A Day for Attention

Yesterday we feasted, we spent time with family, and now we rest.  If we practice the traditional Friday fast of Christians, then we rest our bodies (if you haven’t started this practice today is an excellent day to start).  But it is also a time to relax into the Thanksgivings that we celebrated yesterday which means that this is also a day not to jump immediately into the season of wants and desires.  Gift giving is good and like anyone I  like receiving and giving gifts, but in our excess we have almost made gifts meaningless.  We render gifts meaningless when they come out of our debts; we render gifts meaningless when buying them comes at the expense of others.  Good gifts come not from getting the best deal on the latest wizbang digital must-have of the year, but through paying attention.  We must pay attention to the subtle delights of the person to whom we are giving the gift and then try to meet that delight.  This comes from a well chosen book or a gift made with care and time and attention put into it.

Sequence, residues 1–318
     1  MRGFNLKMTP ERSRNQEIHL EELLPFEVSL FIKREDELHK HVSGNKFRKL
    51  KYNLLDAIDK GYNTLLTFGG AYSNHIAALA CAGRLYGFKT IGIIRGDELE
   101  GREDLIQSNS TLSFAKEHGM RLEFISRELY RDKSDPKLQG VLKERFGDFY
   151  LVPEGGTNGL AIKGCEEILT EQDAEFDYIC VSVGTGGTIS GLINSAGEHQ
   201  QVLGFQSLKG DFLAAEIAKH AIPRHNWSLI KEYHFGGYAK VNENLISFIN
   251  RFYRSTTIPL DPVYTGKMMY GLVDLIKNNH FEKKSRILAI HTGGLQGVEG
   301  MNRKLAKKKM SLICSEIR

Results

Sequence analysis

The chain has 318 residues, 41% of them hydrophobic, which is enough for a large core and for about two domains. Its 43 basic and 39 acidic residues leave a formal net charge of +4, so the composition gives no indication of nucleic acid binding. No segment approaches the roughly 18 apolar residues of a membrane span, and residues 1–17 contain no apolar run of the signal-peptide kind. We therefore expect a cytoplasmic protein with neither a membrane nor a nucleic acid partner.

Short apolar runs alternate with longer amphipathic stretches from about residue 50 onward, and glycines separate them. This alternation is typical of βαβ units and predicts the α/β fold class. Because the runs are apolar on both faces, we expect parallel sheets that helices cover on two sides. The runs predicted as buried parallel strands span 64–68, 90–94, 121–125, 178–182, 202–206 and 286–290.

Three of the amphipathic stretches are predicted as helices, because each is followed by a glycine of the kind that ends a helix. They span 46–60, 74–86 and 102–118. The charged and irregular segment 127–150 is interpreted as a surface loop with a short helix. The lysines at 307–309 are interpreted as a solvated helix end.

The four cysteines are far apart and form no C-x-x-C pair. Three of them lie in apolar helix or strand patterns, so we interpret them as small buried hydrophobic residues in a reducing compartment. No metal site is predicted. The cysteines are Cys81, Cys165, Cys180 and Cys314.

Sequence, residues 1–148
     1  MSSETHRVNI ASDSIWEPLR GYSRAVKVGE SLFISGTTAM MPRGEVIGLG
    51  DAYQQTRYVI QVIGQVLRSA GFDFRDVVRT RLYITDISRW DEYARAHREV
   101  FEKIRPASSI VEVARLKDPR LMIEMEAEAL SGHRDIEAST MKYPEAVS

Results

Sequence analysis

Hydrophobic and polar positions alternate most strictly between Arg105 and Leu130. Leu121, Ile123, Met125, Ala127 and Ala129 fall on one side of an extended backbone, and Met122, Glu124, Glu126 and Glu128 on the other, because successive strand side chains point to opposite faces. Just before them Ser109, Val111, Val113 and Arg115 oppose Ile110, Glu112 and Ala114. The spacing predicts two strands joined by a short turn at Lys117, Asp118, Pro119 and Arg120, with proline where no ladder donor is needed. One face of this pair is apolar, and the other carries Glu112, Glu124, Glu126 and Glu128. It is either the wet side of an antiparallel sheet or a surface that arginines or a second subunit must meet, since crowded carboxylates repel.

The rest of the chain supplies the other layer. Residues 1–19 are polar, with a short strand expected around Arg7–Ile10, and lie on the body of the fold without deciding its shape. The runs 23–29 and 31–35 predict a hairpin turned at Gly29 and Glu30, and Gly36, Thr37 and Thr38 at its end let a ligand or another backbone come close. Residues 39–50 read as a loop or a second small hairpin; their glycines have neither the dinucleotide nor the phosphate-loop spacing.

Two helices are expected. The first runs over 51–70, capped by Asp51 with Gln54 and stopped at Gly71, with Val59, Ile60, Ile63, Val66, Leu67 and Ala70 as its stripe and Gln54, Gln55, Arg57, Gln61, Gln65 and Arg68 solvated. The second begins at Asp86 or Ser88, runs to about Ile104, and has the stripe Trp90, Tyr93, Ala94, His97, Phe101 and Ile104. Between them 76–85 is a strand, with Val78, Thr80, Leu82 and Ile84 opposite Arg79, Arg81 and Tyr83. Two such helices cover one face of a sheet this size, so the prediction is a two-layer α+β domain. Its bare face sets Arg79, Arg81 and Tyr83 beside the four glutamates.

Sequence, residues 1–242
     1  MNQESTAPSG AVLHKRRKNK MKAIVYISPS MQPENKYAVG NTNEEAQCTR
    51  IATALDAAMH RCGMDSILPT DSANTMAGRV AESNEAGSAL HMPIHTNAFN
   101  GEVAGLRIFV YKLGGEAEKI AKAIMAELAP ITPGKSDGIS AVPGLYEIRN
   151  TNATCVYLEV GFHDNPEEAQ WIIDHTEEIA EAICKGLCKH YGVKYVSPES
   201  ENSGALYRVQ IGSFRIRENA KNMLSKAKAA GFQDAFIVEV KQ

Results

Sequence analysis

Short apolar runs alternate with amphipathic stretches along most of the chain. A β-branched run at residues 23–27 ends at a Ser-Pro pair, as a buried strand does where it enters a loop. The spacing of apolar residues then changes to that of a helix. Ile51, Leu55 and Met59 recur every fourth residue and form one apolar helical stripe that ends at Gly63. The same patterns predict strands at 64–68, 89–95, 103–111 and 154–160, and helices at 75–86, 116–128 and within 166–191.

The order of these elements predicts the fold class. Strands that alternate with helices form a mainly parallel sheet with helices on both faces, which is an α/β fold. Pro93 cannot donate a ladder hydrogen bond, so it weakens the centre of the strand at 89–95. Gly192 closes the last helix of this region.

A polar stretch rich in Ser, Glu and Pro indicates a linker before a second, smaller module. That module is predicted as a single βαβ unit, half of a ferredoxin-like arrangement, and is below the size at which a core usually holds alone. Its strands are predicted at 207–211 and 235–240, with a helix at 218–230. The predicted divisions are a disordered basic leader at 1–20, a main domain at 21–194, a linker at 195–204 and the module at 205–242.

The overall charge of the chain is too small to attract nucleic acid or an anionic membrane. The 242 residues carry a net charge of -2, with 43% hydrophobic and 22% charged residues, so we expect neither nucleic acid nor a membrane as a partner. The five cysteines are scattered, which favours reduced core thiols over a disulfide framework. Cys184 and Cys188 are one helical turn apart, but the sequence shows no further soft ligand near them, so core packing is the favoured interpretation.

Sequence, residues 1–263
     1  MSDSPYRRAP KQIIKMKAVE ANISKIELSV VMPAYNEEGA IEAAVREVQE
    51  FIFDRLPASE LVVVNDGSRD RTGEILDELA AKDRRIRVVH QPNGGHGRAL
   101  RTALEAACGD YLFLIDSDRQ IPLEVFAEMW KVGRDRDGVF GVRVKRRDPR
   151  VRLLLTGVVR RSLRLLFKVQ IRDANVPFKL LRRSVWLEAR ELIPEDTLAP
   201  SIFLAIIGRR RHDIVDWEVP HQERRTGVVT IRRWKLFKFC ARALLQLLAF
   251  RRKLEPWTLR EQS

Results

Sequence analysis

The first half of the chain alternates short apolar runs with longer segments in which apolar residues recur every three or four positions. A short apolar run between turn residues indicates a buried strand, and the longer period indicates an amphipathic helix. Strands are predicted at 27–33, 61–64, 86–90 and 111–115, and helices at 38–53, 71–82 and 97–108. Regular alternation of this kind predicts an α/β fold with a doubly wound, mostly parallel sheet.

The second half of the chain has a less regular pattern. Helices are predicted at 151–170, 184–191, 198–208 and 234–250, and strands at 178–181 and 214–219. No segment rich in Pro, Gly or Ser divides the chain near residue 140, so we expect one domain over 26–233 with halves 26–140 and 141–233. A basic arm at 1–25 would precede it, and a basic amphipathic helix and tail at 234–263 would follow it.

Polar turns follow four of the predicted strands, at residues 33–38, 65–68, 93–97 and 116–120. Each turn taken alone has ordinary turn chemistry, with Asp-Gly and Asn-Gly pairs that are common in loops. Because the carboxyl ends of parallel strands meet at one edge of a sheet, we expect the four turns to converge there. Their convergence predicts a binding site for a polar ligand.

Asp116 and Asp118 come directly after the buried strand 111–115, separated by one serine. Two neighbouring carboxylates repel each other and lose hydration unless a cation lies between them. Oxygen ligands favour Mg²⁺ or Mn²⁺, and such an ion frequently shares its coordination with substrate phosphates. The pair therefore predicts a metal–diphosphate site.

Some Christians have taken to committing to spend no more than a $100 this season.  I think that is a good idea, not because it will save money, but because it will force attention–limits help us do that.  Rest helps us pay attention too–it opens up the space for us to see.  So today, rather than join the mad dash of Black Friday (a color with so many meanings) we should rest and watch.  Advent is coming, signs are appearing, there is much to pay attention to.

About Ragan Sutterfield

Ragan Sutterfield is a writer and Episcopal seminarian sojourning from his native Arkansas in Alexandria, Virginia. He is the author of This is My Body: From Obesity to Ironman, My Journey Into the True Meaning of Flesh, Spirit, and Deeper Faith (Convergent/Random House 2015).